Gender-Based Violence in Humanitarian Emergencies

Designing innovation challenges to improve Gender-Based Violence interventions in humanitarian emergencies

We first started working with the Humanitarian Innovation Fund (the HIF) in early 2016. The HIF is an Elrha programme that offers support to individuals and organisations that are working on innovative solutions to improve humanitarian assistance.

We helped them design and launch a number of innovation challenges in the Water, Sanitation and Hygiene (WASH) sector (more about that here). Following a fruitful collaboration, the HIF asked if we would be able to help them design something similar for their work around tackling Gender-Based Violence (GBV) in humanitarian emergencies. This is the story of that project.

The Problem

Gender-based violence (GBV) in humanitarian emergencies is a life-threatening issue. GBV impacts survivors’ immediate sexual, physical, and psychological health, and increases the risks of longer-term health problems and social stigma.

The available evidence points to the aggravation of many forms of GBV during episodes of armed conflict and natural disasters, and highlights the particular importance of effective response in such settings.

Despite this, the issue of GBV in emergencies has too often been overlooked during times of crisis, or not considered to be a humanitarian need. Effective coordination between humanitarian and development agents is lacking and, overall, there is a lack of ownership and leadership over the issue that ultimately impacts on those affected.

An example of an operational Innovation Challenge, part of the Improving Monitoring and Evaluation Challenge Area. Read about the other Innovation Challenges in the Gap Analysis.

The Starting Point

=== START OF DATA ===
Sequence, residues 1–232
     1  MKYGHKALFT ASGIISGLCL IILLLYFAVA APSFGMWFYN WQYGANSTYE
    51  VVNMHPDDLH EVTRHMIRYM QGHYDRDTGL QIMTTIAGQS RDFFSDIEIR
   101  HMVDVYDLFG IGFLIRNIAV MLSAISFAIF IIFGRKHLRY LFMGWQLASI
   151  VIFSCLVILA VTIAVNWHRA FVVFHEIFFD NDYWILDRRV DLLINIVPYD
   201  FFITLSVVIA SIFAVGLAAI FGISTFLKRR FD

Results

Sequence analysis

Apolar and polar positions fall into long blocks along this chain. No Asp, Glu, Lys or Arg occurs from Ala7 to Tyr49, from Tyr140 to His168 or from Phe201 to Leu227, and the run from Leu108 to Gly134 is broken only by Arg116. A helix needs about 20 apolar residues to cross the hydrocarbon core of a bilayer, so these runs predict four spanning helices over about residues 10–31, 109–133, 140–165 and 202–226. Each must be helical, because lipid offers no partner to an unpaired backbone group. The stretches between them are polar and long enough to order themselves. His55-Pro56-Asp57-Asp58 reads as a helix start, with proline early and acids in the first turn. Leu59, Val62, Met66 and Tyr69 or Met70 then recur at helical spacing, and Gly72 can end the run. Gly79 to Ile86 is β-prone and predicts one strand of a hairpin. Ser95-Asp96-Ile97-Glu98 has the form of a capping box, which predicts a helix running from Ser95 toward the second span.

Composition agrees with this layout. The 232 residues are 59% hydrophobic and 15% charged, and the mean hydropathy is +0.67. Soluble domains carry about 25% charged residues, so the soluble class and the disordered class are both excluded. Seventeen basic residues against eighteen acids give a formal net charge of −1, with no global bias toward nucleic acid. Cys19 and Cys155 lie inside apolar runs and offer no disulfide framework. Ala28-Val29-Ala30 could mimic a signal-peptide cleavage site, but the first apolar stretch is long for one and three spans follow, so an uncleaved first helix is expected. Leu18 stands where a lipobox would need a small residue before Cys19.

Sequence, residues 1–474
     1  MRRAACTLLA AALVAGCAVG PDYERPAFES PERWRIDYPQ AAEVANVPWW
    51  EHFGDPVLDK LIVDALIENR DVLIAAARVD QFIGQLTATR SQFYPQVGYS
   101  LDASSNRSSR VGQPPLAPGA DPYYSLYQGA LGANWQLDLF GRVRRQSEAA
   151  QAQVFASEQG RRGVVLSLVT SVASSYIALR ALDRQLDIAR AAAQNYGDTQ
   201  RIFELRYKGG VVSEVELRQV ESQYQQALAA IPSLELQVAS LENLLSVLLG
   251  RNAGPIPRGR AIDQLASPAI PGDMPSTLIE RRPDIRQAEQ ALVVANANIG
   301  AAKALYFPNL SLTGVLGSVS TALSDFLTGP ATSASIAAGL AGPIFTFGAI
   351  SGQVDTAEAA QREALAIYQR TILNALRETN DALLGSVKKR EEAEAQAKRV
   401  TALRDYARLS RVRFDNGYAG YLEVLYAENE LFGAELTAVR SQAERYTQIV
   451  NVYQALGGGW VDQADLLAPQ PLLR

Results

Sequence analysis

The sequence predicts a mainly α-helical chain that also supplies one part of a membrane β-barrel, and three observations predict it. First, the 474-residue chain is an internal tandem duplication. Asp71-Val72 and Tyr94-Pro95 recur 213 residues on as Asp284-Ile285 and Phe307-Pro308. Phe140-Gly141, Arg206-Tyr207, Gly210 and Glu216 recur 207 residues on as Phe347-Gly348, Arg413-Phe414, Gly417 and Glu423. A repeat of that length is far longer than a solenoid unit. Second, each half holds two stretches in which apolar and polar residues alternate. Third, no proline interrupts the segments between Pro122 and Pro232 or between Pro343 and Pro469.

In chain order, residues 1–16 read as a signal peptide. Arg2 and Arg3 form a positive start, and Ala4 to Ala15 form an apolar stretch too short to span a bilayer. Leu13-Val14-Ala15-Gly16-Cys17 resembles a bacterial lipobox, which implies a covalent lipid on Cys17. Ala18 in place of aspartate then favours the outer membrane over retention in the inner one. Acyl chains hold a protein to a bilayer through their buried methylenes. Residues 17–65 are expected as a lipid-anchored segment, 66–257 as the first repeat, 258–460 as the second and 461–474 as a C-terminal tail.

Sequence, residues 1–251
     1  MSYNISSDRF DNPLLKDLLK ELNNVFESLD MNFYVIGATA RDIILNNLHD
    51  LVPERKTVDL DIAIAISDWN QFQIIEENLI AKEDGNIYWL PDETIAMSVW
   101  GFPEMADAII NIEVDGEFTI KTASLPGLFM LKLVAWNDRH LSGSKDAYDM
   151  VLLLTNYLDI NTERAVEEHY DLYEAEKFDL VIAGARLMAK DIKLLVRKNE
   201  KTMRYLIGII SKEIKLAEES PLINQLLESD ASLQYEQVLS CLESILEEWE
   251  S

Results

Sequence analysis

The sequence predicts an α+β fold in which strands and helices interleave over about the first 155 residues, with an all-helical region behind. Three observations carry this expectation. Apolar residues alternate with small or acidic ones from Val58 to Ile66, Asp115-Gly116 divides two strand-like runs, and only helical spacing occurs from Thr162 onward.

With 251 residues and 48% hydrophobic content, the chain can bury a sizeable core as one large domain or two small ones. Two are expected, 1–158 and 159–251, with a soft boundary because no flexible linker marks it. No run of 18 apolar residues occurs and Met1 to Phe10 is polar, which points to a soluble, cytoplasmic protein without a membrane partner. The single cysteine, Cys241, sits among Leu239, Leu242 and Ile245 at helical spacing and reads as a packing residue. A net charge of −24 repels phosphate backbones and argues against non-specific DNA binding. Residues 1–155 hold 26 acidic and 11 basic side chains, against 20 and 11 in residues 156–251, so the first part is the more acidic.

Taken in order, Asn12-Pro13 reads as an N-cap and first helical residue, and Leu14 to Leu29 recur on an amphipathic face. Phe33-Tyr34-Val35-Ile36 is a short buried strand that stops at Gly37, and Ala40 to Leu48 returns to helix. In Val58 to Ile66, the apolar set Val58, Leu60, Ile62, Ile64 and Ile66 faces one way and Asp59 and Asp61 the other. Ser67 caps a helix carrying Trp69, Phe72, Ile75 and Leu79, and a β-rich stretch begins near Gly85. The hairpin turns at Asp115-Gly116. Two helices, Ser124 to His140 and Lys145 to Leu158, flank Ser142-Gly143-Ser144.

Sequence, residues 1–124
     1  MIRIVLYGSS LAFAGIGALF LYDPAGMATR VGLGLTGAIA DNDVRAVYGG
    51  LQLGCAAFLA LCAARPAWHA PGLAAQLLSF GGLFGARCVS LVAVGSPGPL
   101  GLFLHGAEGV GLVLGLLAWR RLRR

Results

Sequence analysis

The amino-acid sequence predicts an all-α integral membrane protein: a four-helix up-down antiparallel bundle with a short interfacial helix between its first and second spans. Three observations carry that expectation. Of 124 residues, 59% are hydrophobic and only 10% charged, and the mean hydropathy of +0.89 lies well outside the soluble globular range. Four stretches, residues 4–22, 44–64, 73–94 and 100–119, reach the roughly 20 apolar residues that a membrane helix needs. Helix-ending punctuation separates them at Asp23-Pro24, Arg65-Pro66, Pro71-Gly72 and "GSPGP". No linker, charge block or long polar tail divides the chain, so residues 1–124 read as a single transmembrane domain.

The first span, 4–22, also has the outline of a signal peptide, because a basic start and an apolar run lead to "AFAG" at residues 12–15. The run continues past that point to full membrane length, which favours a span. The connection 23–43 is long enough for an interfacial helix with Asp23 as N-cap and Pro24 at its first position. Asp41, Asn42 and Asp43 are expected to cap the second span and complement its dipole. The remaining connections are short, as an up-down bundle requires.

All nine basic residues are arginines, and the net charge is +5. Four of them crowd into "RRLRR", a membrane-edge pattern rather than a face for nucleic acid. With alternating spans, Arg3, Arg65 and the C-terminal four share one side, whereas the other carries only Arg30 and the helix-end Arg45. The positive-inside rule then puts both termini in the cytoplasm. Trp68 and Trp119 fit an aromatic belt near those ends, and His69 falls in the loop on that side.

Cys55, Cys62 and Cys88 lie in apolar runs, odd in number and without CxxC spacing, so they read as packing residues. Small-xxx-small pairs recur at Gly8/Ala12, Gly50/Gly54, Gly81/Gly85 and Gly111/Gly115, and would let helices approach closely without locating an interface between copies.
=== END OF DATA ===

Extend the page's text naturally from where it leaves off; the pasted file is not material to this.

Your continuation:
To get a better understanding of the problem and identify key gaps in existing humanitarian GBV initiatives, the HIF commissioned the Small Arms Survey (SAS) to carry out a detailed review of existing and emerging GBV initiatives humanitarian emergencies. The SAS conducted a thorough literature review, engaged with over 30 humanitarian practitioners, and held three focus groups with key stakeholders in Honduras, Nepal, and Puntland, Somalia.

Their findings highlighted the complexity of the problem, existing barriers to progress, as well as the difficulty in prioritising first steps for action.

It was at this point that the HIF reached out to us and asked if we could help translate the research findings produced by SAS into ‘actionable innovation challenges’. In simple terms, they were looking for specific problems they could set as challenges and engage a diverse community of solvers to work towards developing solutions.

Our Approach

Our work on the project began with a review of the materials produced by SAS to understand the gaps and problems identified. Being outsiders to the GBV domain, this first step allowed us to flag up terminology and knowledge that might not be familiar to a non-expert audience and clarify underlying assumptions made in the research. This process was important as the HIF were looking for a way to communicate the research findings to an audience of innovators, not necessarily domain experts.

The review helped us develop a better understanding of the complexity entailed by the topic and the dependencies between barriers holding back progress. We realised that problems ranged in scope and breadth; some targeted specific issues like the lack of real-time monitoring tools, while others were more systematic and highlighted gaps in leadership.